Each week new one-minute videos are posted at the Conference website 'Facilitation as {2nd} profession'. 'We try to get people already in the mood for the 23rd September '11', shares Simon The uploaded video's can be disseminated through social media such as twitter, linkedin, facebook, hyves and yammer.
Informing the network close to your personal network is an approach with is promoted by Business Boot Camp. Social media are an excellent tool to spread the message of such an interesting event and make people excited to join! For more one-minute video's follow the youtube channel of IAF-Benelux or the website: 'Facilitation as a {2nd} profession.

Sunday, June 26, 2011

How to deal as facilitator with an unsafe group?

It is five minutes before finalizing a Team Workshop on how to renew the approach of its service delivery for social work to the community. Sofar the group has created an 'inspirational vision' and has worked out the strategies. You feel that everything is okay. The group looks involved and everybody is participating. The waiter from the restaurant is
informing the group, that the snacks are ready. You ask the group on what actions it should take the next 6 weeks to get the first strategies moving. Then, suddenly, the team leader takes charge of the conversation. He mentions 10 action points, including names of responsible people and deadline dates. The group looks shocked and intimidated. It is silent for a while. I check if everybody agrees. It remains silent. People nodd with a breath it is okay. The team leader says it is time to go to the restaurant. The food gets cold. We can evaluate up there!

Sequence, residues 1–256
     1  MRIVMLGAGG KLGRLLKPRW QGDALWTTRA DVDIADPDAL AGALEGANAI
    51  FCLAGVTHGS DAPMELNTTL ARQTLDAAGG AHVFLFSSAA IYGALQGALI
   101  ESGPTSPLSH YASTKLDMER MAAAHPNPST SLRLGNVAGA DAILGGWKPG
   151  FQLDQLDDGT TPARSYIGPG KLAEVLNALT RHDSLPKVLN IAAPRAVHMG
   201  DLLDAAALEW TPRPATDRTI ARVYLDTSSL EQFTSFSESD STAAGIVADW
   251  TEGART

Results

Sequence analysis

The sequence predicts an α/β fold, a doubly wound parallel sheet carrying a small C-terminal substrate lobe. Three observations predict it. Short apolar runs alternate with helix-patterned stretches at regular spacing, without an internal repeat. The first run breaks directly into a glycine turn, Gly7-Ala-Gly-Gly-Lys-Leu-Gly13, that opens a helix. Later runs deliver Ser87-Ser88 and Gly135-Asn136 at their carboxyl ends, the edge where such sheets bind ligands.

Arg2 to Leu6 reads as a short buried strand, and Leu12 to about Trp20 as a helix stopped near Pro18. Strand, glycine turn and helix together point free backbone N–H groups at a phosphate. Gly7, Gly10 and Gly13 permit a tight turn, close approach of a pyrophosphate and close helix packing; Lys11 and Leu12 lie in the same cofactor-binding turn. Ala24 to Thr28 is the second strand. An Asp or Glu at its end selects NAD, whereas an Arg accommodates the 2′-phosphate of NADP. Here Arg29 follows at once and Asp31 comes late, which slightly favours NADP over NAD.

During the snack I am checking informally participants' feelings about the meeting. It was okay! But when I ask for suggestions to improve, a few tell me in confidence that it had been better if the teamleader had not been there! We did not feel safe to express our feelings and sentiments!

'Unsafe groups!' It happens me a number of times every year, when I am facilitating workshops. Whenever possible I try to create a safe environment making people feel welcome. I initiate a number of relaxing exercises and involve everybody. But what to do if people do not feel safe? Is it about me as facilitator? Or is there somebody in the group people do not feel safe? 'Unsafe groups' was one of the main topics discussed during a IAF-Benelux experience exchange meeting in the Hague on the 21st June, 2011.